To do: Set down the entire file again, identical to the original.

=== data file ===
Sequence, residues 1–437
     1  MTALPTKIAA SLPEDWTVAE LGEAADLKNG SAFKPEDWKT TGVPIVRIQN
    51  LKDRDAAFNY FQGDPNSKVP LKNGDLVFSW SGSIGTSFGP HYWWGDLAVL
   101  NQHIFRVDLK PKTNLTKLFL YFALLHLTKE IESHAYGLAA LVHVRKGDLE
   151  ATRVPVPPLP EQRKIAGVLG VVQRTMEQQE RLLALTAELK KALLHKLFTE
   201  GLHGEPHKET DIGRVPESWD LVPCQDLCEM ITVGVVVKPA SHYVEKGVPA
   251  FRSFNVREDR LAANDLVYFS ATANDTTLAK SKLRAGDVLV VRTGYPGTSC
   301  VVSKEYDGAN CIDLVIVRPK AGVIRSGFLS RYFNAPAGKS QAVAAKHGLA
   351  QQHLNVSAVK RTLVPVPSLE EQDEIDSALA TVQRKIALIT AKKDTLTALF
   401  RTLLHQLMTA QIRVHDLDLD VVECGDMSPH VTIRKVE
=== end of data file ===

Sequence, residues 1–437
     1  MTALPTKIAA SLPEDWTVAE LGEAADLKNG SAFKPEDWKT TGVPIVRIQN
    51  LKDRDAAFNY FQGDPNSKVP LKNGDLVFSW SGSIGTSFGP HYWWGDLAVL
   101  NQHIFRVDLK PKTNLTKLFL YFALLHLTKE IESHAYGLAA LVHVRKGDLE
   151  ATRVPVPPLP EQRKIAGVLG VVQRTMEQQE RLLALTAELK KALLHKLFTE
   201  GLHGEPHKET DIGRVPESWD LVPCQDLCEM ITVGVVVKPA SHYVEKGVPA
   251  FRSFNVREDR LAANDLVYFS ATANDTTLAK SKLRAGDVLV VRTGYPGTSC
   301  VVSKEYDGAN CIDLVIVRPK AGVIRSGFLS RYFNAPAGKS QAVAAKHGLA
   351  QQHLNVSAVK RTLVPVPSLE EQDEIDSALA TVQRKIALIT AKKDTLTALF
   401  RTLLHQLMTA QIRVHDLDLD VVECGDMSPH VTIRKVE